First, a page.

Self-Inflicted Wounds Doom Cavaliers
Sept. 30, 2012
CHARLOTTESVILLE — University of Virginia quarterback Phillip Sims stood on the sideline Saturday night, desperately hoping for one more possession, one more opportunity to shred Louisiana Tech’s beleaguered defense. It never came.
In a game in which third-year coach Mike London’s team was penalized 16 times — one shy of the school record — it was fitting, perhaps, that a yellow flag ended the Cavaliers’ hopes of avoiding a third straight defeat.
With 1:45 left and undefeated Louisiana Tech facing fourth-and-1 from its 35-yard line, the Wahoos, confused about which personnel group to use, were penalized for having 12 men on the field. Virginia was out of timeouts, and Louisiana Tech then kneeled on three consecutive plays to run out the clock in a 44-38 victory at Scott Stadium.
Sims, who replaced erratic starter Michael Rocco late in the third quarter, had thrown touchdown passes on each of the Cavaliers’ previous two possessions to help them cut a 20-point deficit to six, and the redshirt sophomore from Chesapeake was confident the offense could strike again if given the chance.
Virginia, which came in averaging 372.5 yards, finished with 625 against a Louisiana Tech defense that lost two starters to injuries during the game. UVa’s 480 yards passing smashed the previous school record of 417.
“You can always wonder what might have happened, but we’ll never know, and I think that’s the hardest thing about it,” said Sims, who transferred to UVa from Alabama after the 2011-12 school year.
“Everybody just wanted another opportunity to go out and win the football game. I hated to see the look in some of the guys’ eyes after the game, just seeing that they didn’t get the chance to make that play that they desperately wanted to make. They just didn’t get the opportunity. I think that’s the hardest part about it, the fact that we didn’t get the chance. If we get the chance, who knows what happens?”
London, still furious about the final penalty called on his team, chose his words carefully in his postgame press conference. After trying successfully to draw Virginia (2-3) offsides on fourth-and-1, the Bulldogs (4-0) had called a timeout to discuss their options.
The Cavaliers “assumed that we were going to punt the ball,” Louisiana Tech coach Sonny Dykes said. “At that point, I didn’t feel comfortable punting the ball … I pretty much knew we were going to go for it.”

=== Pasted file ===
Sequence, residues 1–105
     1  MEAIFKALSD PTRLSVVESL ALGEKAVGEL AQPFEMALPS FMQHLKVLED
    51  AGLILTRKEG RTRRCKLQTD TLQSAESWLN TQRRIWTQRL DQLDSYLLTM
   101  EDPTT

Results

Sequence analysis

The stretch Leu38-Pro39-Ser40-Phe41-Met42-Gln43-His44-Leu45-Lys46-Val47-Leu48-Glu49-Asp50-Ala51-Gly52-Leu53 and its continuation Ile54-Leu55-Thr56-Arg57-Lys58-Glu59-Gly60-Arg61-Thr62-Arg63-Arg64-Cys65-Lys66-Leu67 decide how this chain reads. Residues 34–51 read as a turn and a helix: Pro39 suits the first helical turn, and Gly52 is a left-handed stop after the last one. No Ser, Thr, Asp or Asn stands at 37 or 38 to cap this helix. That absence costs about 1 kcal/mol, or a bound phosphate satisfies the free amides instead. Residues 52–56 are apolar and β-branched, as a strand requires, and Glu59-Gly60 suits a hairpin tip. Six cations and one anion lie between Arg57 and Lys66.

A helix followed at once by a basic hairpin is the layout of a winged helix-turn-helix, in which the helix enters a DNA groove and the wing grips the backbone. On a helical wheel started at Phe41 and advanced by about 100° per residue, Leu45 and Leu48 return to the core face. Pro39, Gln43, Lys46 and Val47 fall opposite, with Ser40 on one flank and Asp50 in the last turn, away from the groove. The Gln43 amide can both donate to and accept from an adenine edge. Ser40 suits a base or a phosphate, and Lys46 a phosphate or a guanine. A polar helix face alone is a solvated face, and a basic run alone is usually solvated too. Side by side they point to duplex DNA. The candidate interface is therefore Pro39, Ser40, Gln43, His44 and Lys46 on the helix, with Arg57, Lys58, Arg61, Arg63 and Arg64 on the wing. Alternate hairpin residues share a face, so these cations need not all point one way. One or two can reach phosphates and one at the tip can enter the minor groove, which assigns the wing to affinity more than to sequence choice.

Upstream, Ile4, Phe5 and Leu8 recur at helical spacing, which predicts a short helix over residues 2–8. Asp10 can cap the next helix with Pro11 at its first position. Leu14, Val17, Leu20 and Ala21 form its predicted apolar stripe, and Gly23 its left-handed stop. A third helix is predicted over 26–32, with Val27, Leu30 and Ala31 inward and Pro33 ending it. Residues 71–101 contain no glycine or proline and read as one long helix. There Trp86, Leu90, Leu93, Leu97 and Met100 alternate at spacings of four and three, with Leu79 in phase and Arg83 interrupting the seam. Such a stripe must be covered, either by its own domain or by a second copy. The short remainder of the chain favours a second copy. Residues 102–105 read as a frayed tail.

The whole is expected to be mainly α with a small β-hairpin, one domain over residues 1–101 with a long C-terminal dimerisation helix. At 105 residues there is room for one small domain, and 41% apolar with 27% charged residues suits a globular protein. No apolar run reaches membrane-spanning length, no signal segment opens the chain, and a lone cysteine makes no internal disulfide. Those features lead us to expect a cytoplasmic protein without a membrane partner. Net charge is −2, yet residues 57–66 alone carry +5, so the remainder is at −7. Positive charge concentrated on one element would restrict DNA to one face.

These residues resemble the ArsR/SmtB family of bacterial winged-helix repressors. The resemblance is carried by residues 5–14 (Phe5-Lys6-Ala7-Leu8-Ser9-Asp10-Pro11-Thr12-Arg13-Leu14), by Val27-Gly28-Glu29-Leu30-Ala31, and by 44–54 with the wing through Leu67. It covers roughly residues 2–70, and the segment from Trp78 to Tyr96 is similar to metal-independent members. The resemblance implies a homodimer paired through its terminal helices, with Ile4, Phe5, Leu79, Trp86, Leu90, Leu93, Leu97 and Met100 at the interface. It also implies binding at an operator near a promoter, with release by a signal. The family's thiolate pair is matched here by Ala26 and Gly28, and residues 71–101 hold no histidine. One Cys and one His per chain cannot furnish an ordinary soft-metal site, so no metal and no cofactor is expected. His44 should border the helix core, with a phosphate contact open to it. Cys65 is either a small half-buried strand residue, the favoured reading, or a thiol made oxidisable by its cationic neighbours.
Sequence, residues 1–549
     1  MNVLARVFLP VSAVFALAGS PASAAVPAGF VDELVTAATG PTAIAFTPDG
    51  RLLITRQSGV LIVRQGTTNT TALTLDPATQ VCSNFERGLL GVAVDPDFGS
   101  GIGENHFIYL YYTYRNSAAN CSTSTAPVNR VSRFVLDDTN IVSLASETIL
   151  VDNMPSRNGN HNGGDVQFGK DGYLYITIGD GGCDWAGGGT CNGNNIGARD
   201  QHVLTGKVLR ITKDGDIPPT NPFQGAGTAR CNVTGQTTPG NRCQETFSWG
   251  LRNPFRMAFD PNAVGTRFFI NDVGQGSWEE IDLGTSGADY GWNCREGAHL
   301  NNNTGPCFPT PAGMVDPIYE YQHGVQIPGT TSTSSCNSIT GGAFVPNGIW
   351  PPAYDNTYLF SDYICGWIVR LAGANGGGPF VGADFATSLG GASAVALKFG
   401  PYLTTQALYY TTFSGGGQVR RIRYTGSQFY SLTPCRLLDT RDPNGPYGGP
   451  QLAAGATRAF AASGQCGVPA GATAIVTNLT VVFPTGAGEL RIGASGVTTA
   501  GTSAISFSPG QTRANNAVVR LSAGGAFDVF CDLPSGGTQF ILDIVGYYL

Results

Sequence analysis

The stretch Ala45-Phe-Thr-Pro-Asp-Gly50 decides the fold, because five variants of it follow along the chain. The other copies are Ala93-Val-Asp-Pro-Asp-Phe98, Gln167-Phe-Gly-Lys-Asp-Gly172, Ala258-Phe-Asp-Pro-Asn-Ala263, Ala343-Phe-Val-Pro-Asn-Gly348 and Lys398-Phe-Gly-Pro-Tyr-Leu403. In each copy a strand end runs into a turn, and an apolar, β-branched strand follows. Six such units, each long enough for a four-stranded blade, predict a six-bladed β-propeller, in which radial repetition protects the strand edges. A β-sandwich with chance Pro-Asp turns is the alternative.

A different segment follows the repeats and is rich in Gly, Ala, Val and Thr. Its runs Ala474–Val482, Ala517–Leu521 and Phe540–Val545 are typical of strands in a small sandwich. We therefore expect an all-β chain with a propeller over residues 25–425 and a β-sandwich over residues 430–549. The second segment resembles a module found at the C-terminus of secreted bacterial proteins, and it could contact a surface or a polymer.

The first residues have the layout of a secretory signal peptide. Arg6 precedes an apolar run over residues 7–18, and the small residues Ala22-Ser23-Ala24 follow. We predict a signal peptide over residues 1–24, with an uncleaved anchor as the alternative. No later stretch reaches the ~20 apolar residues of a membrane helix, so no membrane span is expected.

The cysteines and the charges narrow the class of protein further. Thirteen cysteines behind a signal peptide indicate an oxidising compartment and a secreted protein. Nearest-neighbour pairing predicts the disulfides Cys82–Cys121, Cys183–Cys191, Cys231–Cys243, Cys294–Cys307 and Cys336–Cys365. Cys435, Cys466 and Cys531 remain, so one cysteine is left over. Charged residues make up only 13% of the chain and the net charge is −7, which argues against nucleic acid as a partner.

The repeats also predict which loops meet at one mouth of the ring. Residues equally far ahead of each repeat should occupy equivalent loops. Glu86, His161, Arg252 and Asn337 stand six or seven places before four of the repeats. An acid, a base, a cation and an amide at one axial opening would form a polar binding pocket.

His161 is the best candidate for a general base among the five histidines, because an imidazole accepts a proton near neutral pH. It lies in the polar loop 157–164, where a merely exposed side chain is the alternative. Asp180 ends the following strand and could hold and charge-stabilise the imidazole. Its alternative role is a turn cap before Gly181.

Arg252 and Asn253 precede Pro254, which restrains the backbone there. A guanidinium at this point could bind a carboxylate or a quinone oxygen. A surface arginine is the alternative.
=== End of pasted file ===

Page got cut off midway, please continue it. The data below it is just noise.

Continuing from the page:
When the teams returned to the field, sophomore Khalek Shepherd dropped back deep to receive a punt, but when the Cavaliers’ coaches realized that Louisiana Tech had not sent out its punter, they inserted a defensive back and motioned frantically for Shepherd to come out. He didn’t reach the sideline before the official threw his flag, a penalty that gave the Bulldogs a victory-sealing first down.
“The way the game ended, I hate,” Dykes said. “You hate for two hard-fought teams to fight as hard as they did and have it ended that way.”
London hated it more. He told reporters that Shepherd “should have been given the opportunity to leave the game,” but Doug Rhoads, the ACC’s supervisor of officials, confirmed in an email Sunday morning that the call was correct. A team is not allowed to have 12 men on the field for more than three seconds, Rhoads said. UVa’s 12th man was on the field “between 8-11 seconds after La Tech came to the ball,” wrote Rhoads, who reviewed the videotape Saturday night.
At halftime Saturday, UVa’s 1968 football team was honored at Scott Stadium. That team finished 7-3, the Cavaliers’ first winning season in 16 years. Among the victories was a 41-14 rout of Davidson in which Virginia was penalized 17 times for 231 yards, school records that still stand.
Not only were the `Hoos called for 16 penalties against Louisiana Tech, for 145 yards, they turned the ball over three times, all on interceptions thrown by Rocco, a junior from Lynchburg, in his 18th consecutive start at quarterback.
“We gained a lot of yards and scored some points,” offensive coordinator Bill Lazor said, “but the key is the self-inflicted wounds … I don’t know how many of those penalties were on offense, but it seemed like a lot, and we had some drives that were clearly impacted by those penalties. That’s the disappointing thing: I thought we hurt ourselves. Not taking credit away from [the Bulldogs], because I thought they played hard, but the penalties and turnovers really hurt today.”
Backup linebacker Chris Hester returned Rocco’s third interception 32 yards for a touchdown, and Matt Nelson added the extra point to put the Bulldogs up 41-24 with 5:08 left in the third quarter. At that point, many fans in the crowd of 42,027 headed for the exits. Early in the fourth quarter, Nelson booted a 45-yard field goal to make it 44-24, and even more spectators departed.
Those who stayed were treated to a dramatic final 12:47 in which Virginia nearly pulled off a stunning comeback.
“It was great to see the guys fighting back and getting back into a position [where another] touchdown wins the game,” London said.
This loss is sure to haunt the Cavaliers. Late in the first half, they had the ball leading 24-10 and were seemingly in command. On a first-and-10 play, Rocco, who had already thrown two TD passes, hit sophomore wideout Darius Jennings for a 7-yard completion that moved Virginia across midfield.
After Jennings was tackled, however, offensive guard Sean Cascarano was called for a personal foul, and suddenly the `Hoos were facing 2-and-18 from their 40, not second-and-3 from the Bulldogs’ 45. On the next play, Rocco’s pass glanced off the hands of sophomore wideout Dominique Terrell, and Louisiana Tech’s Quinn Giles returned the interception 30 yards to the UVa 25.
Two plays later, tailback Ray Holley scored the first of his two touchdowns, and the Bulldogs were back in the game.
Rocco, who completed 9 of his first 10 passes Saturday, never seemed to recover from the first turnover. Virginia went three-and-out on its next series, and by halftime Louisiana Tech trailed by only four points.